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TUESDAY, JULY 12, 2016
Mmm...tastes like Elitism
Imagine, just imagine, if that headline appeared in papers around the world on November 5, 2008. Or imagine instead, if the headline had said: "Senator Obama Loses Election - Negative Sentiment Towards Bowling Skills Could not be Overcome." And even though he did win, imagine if the papers had written: "Obama Wins Election - McCain Just Too Old For People."

It seems silly to think of these headlines as plausible now that the race is over, the new president is in office, and we're able to take a look back at what was - what will, for the rest of our lives be referred to as - a historic race.

When I think about this past presidential race, I find myself not thinking much of the substance, nor of the pettiness. Substance was the largest criticism of Obama - many arguing his rhetoric contained few concrete solutions, and was mostly messianic speeches that resembled speeches of religious faith, more than they did of policy. On McCain's side, substance seemed to be equally lacking as his solutions were often changing, and he had early on shot himself in the foot with his comments about the economy. Pettiness there was suprisingly even less of - McCain deciding to stay away from the easy attacks against Obama regarding Rev. Wright, and the many many myths floating around about Obama. Towards the end, there certainly was an increased pettiness, with McCain's rallies growing a little out of hand - but for the duration of most of the race, these attacks were few and far between. The same with Obama - the only pettiness arising at the slight insinuations that McCain was a bumbling old man. But the two were virtually walking on ice, afraid that any attack could be refuted with either the race or ageism card.

Where there lacked pettiness, and where there lacked substance, one thing prevailed: Silliness. Then-Senator Obama pointed it out early on when, still racing against Hillary, when he mentioned entering "silly-season in politics."1 in response to the infamous line, "Change you can Xerox."

When I think back to the attacks I heard this past presidential race, it's filled with silly ones - Obama being an elitest, McCain being an old man, Clinton being an emotionless cyborg. So impressed was the media when Cyborg V2 was released, with the new state-of-the-art emotion plugin, that they were convinced the plugin single-handedly won the polls, defying all polls.

There was a time when some worried Obama would lose because he mentioned the cost of purchasing Arugula, and that he couldn't bowl. And compared to Hillary, who could down a shot and chase it with a beer, that was quite a huge deal. Most people I had spoken with couldn't see any of those silly issues even as issues - but, they would mention, it may be an issue for others.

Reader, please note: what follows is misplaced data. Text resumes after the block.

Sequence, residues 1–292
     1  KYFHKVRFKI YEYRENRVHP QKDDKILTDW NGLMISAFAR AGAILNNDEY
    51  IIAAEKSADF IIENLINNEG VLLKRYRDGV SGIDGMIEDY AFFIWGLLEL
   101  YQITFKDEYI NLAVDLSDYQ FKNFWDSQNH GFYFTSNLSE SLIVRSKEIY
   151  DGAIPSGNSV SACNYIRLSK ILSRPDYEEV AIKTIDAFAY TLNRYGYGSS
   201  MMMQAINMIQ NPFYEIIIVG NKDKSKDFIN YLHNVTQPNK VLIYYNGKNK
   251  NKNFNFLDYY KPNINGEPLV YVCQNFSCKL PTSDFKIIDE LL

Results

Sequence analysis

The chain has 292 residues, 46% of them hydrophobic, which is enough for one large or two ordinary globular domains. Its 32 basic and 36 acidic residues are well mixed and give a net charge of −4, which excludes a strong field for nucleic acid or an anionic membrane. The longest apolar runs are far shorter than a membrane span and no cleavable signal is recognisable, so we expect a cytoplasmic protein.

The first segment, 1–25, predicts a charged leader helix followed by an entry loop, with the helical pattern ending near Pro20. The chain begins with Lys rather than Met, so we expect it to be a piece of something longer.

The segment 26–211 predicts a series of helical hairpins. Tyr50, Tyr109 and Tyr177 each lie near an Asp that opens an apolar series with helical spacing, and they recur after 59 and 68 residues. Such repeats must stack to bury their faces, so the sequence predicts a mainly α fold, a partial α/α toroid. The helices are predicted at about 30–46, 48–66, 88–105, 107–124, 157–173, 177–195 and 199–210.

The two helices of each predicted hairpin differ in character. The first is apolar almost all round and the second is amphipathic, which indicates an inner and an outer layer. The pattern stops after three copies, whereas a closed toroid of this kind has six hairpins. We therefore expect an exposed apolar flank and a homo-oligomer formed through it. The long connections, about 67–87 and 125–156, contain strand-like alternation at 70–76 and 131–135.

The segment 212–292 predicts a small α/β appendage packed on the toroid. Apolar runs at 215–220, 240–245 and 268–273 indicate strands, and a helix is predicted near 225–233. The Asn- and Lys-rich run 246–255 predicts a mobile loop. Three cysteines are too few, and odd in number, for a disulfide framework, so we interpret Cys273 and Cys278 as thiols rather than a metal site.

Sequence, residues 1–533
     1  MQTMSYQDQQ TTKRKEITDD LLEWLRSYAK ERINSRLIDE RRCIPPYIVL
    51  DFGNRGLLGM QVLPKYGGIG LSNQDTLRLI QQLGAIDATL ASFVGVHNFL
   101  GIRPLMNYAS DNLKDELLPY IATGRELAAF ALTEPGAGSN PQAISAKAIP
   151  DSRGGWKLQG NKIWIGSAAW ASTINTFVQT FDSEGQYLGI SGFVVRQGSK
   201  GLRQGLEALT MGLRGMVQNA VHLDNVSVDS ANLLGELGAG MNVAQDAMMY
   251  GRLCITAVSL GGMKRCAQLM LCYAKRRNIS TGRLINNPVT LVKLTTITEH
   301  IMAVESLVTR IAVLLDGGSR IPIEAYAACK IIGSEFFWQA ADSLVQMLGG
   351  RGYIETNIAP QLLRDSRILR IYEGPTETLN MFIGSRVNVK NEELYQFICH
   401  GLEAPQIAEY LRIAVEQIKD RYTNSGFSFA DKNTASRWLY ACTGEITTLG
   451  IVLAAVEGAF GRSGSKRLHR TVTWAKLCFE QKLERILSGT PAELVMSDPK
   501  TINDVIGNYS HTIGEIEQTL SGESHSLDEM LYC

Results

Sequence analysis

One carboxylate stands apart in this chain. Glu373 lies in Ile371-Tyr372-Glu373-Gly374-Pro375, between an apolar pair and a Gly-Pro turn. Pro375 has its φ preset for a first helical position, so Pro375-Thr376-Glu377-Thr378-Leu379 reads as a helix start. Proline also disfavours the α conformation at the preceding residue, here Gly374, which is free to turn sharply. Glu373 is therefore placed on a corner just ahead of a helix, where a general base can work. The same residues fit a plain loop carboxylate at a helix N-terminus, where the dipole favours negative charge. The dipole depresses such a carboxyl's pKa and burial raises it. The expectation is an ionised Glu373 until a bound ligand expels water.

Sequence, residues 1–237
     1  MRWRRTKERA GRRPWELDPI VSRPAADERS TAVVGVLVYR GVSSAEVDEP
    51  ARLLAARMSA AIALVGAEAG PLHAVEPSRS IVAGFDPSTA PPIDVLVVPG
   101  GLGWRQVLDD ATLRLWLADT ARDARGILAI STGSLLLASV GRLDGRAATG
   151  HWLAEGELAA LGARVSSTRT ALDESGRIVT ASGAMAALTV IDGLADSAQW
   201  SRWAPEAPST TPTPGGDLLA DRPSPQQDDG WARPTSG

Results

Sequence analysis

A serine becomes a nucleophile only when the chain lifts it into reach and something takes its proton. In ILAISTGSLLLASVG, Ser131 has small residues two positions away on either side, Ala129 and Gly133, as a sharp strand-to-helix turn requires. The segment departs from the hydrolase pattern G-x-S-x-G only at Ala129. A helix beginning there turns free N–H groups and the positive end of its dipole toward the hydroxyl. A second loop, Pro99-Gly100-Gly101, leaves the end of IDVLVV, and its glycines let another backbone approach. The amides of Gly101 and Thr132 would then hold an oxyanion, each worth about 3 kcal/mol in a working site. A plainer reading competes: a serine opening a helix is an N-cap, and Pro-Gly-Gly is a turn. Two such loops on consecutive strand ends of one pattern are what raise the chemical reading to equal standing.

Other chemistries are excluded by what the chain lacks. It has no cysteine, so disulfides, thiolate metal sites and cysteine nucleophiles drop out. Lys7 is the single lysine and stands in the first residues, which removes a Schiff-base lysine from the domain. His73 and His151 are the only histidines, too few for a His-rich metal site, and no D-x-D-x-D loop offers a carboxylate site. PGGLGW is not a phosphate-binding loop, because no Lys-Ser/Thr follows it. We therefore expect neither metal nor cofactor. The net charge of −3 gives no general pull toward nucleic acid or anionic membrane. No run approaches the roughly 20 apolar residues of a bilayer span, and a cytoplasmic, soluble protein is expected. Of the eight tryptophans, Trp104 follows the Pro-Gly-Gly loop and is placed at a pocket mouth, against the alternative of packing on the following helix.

It's left me wondering - is is truly an issue? If I order a cheeseburger, but ask for a slice of Gouda instead of plain ol' cheddar, do I risk not being hired for a job? Why would my order of food be of concern to anyone? If it's smell doesn't overpower the delicate palate of whoever is sitting across the table, is there truly a concern? More specifically, is there just cause for believing that some American people may be concerned with Obama's love of Arugula?

Researching business lunches, I once found some pretty sound advice in the book The Art of the Business Lunch: Building Relationships Between 12 and 2, by Robin Jay. When it comes to choosing a restaurant, Jay writes: "Your choice says a lot about you and about how you feel toward the client. Too casual or inexpensive and the client may not feel valued. Too extravagant and expensive and they may perceive you as wasteful and wonder how careful you'll be with their money if you win their business."

That, I believe, hits the proverbial nail right on the head. When considering who seemed to make the most attacks with regards to Obama's cheese preference, it came largely from Conservatives - especially Rush Limbaugh - who constantly referred to him as an elitest, among other things. And Conservatives are likely to be quite concerned with wasteful spending. (Enter Obama's $800 billion stimulus package, stage left.)

With respect to Hillary Clinton, was she lacking the important compassionate side of being President? When it came to McCain's age, or Hillary Clinton's robotic heart, the attacks and arguments were silly, though rooted in a larger concern. What if McCain died in the middle of his presidency, leaving us with Sarah Palin? Or, to a lesser extreme - what if he suffered from some ailment typical to old age? What potential situations could we inherently be facing if we didn't just go with the younger guy, who was visibly healthier?

These were all important and valid questions, and sadly it seems the media focused on the issues far to facetiously, instead of looking at the root of the issue. But if you consider the concern some may have about an "elitest," you may begin to understand that Arugula was never quite the issue.


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